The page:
Deborah Heiser, Ph.D.

Deborah Heiser, Ph.D. is the Founder/CEO of the I.M.AGE Institute and The Mentor Project. She holds a degree in Applied Developmental Psychology with a specialty in redefining what being older looks and feels like. She has a 20-year track record of award winning research, presentations and consulting.  You can learn more at www.i-m-age.com.

Q) How did you come to study mentoring and its benefits?

A) I’ve been working in the field of aging for more than 20 years. During midlife, and particularly at the time of transition into retirement, I heard over and over from people how afraid they were to lose their identity, whither away from boredom, or feel completely devalued. Over the course of several years, I started to see that mentoring is talked about only from the perspective of the benefits to the mentee. There hasn’t been a conversation about the benefits to mentors. So, I decided to start The Mentor Project to document how mentors feel about mentoring.

What I found was astonishing. After nearly 45 interviews, regardless of the mentor’s previous job, their financial status, or where they lived, everyone said being a mentor changed their life – and they all believed it changed theirs more than it did that of the mentee. It is now my mission to let others know the value of mentorship and the benefits the mentors receive from giving back.

Q) Is mentoring good for you? How?

A) Yes, mentoring is good for us. The adage “Tis Better to Give than to Receive” is actually true. We are built to give back, and research published in Harvard Business Review (2016) shows that those who do give back are three times happier than those who don’t give back. Those who are generative (give back without expecting anything in return) avoid becoming bitter and stagnant in later midlife and beyond. So, mentor. It is in fact good for you!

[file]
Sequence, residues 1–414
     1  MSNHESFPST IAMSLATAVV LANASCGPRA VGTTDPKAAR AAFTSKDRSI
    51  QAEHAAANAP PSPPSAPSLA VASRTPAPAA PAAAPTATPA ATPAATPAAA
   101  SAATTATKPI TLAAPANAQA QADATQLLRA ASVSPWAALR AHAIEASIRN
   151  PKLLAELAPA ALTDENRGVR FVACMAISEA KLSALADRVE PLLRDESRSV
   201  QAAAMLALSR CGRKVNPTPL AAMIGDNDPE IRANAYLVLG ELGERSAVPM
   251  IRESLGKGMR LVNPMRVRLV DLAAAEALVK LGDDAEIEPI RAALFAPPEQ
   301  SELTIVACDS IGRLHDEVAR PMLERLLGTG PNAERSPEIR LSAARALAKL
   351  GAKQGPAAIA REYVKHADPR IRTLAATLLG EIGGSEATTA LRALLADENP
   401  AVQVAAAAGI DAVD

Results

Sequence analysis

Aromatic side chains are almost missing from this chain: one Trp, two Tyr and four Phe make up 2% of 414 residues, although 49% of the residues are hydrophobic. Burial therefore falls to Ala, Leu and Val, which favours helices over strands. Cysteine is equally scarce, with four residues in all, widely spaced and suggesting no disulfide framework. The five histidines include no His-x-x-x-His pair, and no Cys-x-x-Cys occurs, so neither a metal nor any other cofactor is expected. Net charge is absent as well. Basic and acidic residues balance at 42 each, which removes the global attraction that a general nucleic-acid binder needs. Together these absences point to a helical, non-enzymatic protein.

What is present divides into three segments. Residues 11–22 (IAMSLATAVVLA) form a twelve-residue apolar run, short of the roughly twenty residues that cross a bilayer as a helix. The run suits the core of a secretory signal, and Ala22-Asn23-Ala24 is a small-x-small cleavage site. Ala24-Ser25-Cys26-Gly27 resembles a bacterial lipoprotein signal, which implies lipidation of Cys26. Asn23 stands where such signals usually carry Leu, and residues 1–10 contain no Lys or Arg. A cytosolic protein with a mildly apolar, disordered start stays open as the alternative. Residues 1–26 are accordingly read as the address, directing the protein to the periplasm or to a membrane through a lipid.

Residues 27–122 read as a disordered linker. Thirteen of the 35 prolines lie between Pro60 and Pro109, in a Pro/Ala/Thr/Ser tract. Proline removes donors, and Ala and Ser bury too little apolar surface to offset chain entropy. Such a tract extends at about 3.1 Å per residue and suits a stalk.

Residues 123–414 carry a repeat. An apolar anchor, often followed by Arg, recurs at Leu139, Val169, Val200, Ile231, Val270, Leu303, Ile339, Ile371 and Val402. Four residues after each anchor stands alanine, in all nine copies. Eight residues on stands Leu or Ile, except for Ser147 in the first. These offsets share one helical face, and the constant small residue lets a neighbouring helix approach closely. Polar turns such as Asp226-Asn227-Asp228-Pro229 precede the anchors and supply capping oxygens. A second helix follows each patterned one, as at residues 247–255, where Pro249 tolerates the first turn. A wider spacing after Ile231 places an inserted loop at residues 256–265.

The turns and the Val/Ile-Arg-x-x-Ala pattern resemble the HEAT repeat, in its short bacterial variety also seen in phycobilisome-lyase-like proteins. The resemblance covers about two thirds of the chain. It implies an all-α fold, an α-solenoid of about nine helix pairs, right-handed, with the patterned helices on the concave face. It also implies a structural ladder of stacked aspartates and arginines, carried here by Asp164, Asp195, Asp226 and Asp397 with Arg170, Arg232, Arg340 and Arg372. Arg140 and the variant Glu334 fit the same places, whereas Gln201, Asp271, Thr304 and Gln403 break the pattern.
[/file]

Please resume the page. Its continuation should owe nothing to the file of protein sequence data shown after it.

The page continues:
Q) What are the obstacles / fears you’ve witnessed that inhibit involvement in mentoring?

A) Often, as people reach retirement, they don’t consider mentoring. Either they believe their life at the moment of retirement is like a cliff they are about to fall off, or they simply don’t think they have mentoring options available. For those who feel like they are preparing to fall off a cliff, mentoring is often a welcome option that they hadn’t considered. It is far easier for those who don’t feel they have opportunities to mentor.  As soon as options are provided, they are almost always ready to go!

Q) What is the importance of connectivity — at every age?

A) Meaningful connections are so important to us no matter the age. But, as we grow older, the meaningful connections become especially important because we can trust, feel valued, “safe”, and positive about our lives. This isn’t just me saying this. Harvard has a 75-year-long Grant study that shows that to age well, we must have meaningful human connections. So, the saying “quality not quantity” is true. We need quality relationships rather than many superficial relationships.

Q) Why would you recommend mentoring for corporate retirees?

A) Mentoring allows corporate retirees to shape the next generation in the way they would like. It is an opportunity to leave a legacy, to pass on knowledge, values, and skills, which in turn passes a part of the mentor on to the next generation. Whether it is an idea, value, or an innovation, the mentor lives on through the mentor/mentee relationship. Mentoring is a way to “stay in the game,” but with the luxury of doing it on his/her own terms.

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